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Genetic and epigenetic alterations in patients with congenital heart disease

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An overview of regulatory circuits establishing the cardiac transcriptome will be shown. A particular focus is the interaction between different molecular levels, involving epigenetic, transcriptional and post-transcriptional mechanisms.

Beside the study of mouse models, we apply high-throughput technology to gain insights into congenital heart disease with a particular interest on Tetralogy of Fallot (ToF). More than ten years ago we provided the first genome-wide expression profiles of normal and diseased human hearts. More recently, we showed that ToF is an oligogenetic disorder and most interestingly mutated genes are key factor of SHF differentiation, and we predict that impaired differentiation and proliferation capacity of SHF progenitors is one main impact on the dys-developed.

In addition, we just conducted a genome-wide study of DNA methylation alteration. We linked DNA methylation with genome-wide expression data and found a significant overlap for hypermethylated promoters and down-regulated genes, and vice versa. Among the differentially methylated genes with distinct expression changes are the sarcomeric component TNNI1 , the co-receptor TDGF1 , the endothelin converting enzyme ECE2 , and the cytochrome C oxidase assembly protein SCO2 . Moreover, we found examples of methylation changes co-localized with novel, differential splicing events among sarcomeric genes.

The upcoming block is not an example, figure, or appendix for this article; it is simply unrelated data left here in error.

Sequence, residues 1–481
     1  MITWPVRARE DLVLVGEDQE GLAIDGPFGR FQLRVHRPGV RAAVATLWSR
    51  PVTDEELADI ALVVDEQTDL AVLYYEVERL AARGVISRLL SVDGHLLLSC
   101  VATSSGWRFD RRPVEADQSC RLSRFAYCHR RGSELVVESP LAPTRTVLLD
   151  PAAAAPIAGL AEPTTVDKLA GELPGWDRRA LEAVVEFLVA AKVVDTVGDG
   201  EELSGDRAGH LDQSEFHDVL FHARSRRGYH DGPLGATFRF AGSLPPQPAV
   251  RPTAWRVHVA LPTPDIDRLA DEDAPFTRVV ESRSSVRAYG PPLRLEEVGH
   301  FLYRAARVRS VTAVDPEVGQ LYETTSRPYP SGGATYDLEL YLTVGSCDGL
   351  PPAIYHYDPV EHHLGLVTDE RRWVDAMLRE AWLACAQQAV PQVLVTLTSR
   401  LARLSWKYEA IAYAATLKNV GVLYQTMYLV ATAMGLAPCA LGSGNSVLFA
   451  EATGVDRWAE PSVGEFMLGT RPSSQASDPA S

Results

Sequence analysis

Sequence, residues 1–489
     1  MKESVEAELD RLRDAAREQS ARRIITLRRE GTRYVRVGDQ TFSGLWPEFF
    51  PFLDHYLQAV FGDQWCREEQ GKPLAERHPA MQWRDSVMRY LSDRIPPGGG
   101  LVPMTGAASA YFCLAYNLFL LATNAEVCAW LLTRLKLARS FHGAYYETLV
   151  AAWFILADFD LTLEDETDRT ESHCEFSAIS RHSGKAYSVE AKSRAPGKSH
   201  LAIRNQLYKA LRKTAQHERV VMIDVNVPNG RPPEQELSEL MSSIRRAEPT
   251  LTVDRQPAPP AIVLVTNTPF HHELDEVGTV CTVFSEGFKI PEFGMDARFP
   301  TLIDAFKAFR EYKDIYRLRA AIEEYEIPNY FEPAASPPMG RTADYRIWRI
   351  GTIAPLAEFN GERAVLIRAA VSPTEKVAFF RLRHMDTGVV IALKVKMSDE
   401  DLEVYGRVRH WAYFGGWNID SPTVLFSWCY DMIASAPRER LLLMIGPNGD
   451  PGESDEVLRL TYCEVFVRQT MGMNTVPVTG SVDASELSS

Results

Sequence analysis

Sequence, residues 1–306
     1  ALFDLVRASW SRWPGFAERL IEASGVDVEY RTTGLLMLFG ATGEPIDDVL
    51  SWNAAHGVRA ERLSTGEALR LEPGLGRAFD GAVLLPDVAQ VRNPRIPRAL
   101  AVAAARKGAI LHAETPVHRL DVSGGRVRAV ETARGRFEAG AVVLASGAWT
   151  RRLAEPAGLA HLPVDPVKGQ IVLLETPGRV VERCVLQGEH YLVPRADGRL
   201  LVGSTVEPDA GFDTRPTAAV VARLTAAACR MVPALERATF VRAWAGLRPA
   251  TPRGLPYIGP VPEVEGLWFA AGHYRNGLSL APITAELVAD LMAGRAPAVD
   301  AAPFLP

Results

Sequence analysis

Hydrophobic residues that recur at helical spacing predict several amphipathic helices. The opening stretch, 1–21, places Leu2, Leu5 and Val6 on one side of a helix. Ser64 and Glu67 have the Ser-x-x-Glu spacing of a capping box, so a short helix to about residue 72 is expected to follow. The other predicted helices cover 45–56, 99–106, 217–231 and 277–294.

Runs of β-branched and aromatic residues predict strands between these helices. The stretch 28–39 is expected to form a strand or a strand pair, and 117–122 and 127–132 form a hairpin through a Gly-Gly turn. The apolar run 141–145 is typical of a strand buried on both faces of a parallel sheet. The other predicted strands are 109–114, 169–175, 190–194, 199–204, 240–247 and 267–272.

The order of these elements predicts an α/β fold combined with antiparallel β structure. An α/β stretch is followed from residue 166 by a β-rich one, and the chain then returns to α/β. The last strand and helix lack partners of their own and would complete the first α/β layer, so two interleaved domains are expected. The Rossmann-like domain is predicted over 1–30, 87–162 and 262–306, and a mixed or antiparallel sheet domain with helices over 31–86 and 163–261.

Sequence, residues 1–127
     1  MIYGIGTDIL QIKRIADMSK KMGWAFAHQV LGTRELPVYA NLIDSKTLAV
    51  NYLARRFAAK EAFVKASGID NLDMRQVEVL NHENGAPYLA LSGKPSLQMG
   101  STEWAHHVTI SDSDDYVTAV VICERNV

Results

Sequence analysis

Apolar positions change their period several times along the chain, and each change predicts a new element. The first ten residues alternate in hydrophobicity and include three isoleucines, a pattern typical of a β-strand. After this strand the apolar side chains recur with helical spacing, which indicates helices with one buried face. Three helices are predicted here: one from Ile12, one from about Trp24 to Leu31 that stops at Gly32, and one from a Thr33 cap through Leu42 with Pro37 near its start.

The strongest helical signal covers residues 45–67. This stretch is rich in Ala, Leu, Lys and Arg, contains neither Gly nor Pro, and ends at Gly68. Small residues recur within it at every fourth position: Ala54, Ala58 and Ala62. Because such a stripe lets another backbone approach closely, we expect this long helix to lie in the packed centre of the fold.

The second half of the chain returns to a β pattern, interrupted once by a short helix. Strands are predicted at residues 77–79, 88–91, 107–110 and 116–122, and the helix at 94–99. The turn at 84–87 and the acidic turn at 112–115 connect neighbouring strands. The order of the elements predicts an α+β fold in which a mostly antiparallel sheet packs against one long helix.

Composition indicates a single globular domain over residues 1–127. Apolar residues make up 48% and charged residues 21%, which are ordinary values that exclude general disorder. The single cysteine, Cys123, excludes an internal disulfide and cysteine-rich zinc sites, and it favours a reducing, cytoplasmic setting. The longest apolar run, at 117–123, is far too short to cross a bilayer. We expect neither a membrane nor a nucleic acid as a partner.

Finally, we demonstrate the interaction of differentially methylated and expressed genes in TOF with mutated CHD genes in a molecular network. In order to perform functional follow up studies, we currently apply human iPSCs technology and their differentiation to cardiomyocytes

This talk is part of the Cambridge Cardiovascular Seminar Series series.

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